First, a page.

One day, something just clicked. I got it. Hallelujah! I got into the 24×7 pray-without-ceasing rhythm. I discovered that when the mind is still and the heart is open, one can hear God speak, even at the kitchen sink, doing the dishes, just as clearly as He does while I am just sitting quietly when all the house is asleep; and that my prayer room can be the kitchen just as much as t is the bedroom, the guest room, the bathroom, anywhere God chooses to speak and I take the time to listen and respond. Availability is key. Am I willing to set aside whatever it is I am occupied with or that occupies me, when the Father wants to speak, not at my own convenience, but at His? Does God need an appointment to speak with me? God often chooses to speak at unguarded moments, an inconvenient time, and when we least expect it. This is why tuning in is important.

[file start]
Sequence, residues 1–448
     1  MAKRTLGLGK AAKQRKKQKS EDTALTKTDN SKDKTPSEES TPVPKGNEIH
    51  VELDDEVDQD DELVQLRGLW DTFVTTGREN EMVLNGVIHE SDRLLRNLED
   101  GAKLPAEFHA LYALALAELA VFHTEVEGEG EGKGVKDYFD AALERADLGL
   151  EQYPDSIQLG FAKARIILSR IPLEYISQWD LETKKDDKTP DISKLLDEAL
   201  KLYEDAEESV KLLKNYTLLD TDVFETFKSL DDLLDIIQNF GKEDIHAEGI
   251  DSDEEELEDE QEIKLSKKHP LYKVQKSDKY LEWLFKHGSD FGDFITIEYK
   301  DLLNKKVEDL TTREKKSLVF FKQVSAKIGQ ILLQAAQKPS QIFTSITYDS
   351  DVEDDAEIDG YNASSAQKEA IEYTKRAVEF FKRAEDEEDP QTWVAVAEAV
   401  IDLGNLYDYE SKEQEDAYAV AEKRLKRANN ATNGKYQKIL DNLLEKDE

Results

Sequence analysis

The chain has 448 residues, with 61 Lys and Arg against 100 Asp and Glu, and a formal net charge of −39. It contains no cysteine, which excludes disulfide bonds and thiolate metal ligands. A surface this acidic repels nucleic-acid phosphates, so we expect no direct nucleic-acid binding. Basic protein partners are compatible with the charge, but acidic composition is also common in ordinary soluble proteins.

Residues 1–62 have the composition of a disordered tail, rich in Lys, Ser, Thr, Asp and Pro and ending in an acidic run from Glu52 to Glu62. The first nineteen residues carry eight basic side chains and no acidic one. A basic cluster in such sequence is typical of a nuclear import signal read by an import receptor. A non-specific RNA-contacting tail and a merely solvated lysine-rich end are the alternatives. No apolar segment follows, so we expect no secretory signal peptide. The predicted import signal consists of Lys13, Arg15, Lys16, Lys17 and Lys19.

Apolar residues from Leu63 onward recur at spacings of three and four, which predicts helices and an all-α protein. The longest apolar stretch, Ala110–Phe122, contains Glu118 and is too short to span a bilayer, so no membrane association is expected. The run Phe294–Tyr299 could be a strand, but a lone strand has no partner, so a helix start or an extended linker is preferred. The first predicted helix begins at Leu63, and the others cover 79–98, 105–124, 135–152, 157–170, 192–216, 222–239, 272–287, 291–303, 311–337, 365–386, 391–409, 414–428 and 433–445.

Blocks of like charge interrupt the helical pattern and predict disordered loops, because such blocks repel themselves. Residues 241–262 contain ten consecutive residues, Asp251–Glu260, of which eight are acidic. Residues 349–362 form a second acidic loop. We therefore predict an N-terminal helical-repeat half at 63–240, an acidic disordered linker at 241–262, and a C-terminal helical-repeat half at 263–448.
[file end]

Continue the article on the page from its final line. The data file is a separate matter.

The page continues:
Jesus got up at lonely hours to pray. He went up to a mountainside, oftentimes to be alone with the Father. I have climbed a mountain once, in my youth, seeking a fresh encounter with God. It was impulsive and I was unprepared physically, for the day-and-a-half-long-climb, and the heavy traffic of fellow pilgrims on the same path. My friend and I, also an inexperienced climber tagged along (actually forced ourselves on) a group of experienced and prepared climbers trekking up a mountain. It was the time of the Holy Week celebration. If you have ever been on a mountaintop at sunrise, with the clouds below, you will perhaps see just a tiny glimpse of what heaven feels like, of being face to face with the grandeur and majesty of something and someone infinitely bigger than our tiny selves. And you will feel such awe, you would die happy that very moment with so much perfection, so much beauty around you.